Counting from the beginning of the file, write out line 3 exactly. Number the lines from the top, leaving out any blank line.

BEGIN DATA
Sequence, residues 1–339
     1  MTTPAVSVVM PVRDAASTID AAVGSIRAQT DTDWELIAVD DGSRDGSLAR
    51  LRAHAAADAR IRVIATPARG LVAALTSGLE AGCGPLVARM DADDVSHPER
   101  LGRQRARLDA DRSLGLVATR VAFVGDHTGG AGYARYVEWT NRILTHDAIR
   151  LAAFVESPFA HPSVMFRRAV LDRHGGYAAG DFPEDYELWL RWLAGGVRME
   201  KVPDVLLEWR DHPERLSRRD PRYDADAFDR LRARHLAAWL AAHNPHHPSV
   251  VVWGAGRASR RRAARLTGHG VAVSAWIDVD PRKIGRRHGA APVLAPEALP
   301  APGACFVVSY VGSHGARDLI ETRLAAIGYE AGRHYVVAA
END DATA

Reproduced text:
    51  LRAHAAADAR IRVIATPARG LVAALTSGLE AGCGPLVARM DADDVSHPER